Bernie Taupin: even after 300m album sales, why is Elton John’s lyricist still underrated?

As befits a lengthy autobiography by an artist who, as the cover puts it, is “a famously private person”, we learn a great deal about lyricist Bernie Taupin from Scattershot: Life, Music, Elton and Me, published this week.

We discover that, low public profile or not, Taupin enjoyed the fruits of his success in almost as lavish a style as his songwriting partner Elton John: while holidaying in Barbados in the mid-70s, he rectifies the problem of having forgotten to buy a birthday present for his then girlfriend by simply flying to New York, picking something up at Tiffany, then immediately flying back to the Caribbean. We learn that the man who wrote the lyrics for Candle in the Wind wasn’t a fan of Marilyn Monroe, and that the man who rewrote the lyrics for Candle in the Wind so it could be performed at Diana, Princess of Wales’s funeral isn’t keen on the institution of monarchy. And we learn that – again, like his most celebrated songwriting partner – he is possessed of a winningly waspish sense of humour. As skewering live reviews go, his view from the audience at the Rolling Stones’s legendary Shelley-quoting, butterfly-releasing 1969 Hyde Park gig takes some beating: “Then the Stones came on,” he writes, “pretending they were sorry Brian Jones was dead.”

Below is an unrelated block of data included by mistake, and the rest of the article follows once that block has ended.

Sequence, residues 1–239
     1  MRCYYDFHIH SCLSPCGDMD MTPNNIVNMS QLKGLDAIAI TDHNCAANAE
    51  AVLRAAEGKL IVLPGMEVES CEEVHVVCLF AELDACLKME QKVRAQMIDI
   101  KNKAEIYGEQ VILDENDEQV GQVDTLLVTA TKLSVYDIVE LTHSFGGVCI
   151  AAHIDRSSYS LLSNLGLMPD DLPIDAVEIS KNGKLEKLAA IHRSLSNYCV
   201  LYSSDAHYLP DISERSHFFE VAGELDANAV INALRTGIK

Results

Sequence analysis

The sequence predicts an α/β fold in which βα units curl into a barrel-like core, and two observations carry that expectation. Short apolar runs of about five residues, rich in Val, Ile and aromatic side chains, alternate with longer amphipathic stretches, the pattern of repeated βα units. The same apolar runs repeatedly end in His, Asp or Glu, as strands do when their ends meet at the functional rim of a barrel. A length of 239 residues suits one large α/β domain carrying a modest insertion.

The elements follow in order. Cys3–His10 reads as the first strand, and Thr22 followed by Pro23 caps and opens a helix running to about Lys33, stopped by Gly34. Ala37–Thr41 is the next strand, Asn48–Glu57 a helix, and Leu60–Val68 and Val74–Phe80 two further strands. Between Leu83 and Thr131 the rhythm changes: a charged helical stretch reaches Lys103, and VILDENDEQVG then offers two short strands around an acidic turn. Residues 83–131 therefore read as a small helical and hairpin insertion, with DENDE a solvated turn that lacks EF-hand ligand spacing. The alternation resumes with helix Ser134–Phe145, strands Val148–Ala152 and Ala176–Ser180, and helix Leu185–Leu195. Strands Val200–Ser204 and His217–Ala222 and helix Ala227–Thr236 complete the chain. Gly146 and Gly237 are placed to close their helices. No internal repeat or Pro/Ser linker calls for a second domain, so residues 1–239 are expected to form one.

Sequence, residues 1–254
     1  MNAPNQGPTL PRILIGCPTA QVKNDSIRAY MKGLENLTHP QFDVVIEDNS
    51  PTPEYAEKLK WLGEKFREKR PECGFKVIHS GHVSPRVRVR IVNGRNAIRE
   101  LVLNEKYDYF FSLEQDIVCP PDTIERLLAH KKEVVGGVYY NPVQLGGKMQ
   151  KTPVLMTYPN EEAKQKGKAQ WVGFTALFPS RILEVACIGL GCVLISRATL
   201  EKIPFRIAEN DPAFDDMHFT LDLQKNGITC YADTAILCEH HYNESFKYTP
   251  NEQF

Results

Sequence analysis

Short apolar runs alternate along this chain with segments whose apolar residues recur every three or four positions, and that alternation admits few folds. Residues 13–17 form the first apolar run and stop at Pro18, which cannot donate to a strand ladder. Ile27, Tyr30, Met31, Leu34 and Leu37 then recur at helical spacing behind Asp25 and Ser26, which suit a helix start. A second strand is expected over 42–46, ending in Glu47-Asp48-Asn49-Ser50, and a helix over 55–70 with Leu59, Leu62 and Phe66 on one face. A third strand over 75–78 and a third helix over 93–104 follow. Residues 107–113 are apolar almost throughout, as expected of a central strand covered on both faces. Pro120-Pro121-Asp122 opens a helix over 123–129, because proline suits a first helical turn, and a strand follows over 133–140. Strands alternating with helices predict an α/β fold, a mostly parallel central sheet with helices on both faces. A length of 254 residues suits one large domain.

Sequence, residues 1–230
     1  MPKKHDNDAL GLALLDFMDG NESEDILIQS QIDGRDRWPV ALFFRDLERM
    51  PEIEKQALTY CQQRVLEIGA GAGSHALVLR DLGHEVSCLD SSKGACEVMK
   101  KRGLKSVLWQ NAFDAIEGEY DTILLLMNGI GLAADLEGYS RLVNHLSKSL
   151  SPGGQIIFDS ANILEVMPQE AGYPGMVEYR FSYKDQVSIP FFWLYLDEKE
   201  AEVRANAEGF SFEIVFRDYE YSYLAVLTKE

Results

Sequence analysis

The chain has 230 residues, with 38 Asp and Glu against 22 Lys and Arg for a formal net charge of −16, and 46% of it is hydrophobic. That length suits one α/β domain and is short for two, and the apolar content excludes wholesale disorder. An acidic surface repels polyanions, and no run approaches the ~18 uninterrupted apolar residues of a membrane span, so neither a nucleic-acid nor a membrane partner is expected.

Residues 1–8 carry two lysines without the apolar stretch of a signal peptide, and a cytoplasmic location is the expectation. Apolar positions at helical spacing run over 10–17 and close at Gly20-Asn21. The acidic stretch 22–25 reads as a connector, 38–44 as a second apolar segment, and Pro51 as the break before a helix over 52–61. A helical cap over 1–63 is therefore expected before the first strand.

We learn that Bernie Taupin is remarkably self-deprecating, eschewing the title of “songwriter” altogether – Elton John is the songwriter in their partnership, he insists, and “any concrete evidence that I [am] doing anything other than flying by the seat of my pants has yet to be presented” – and we learn that Taupin, bizarrely, writes his lyrics with a guitar, then presents them to John. The finished product isn’t Elton John writing music to Taupin’s words, but Elton John effectively writing a completely different melody and accompaniment to a song that already exists, but which he hasn’t heard.

Taupin in 2020.
Taupin in 2020. Photograph: Chris Pizzello/Invision/AP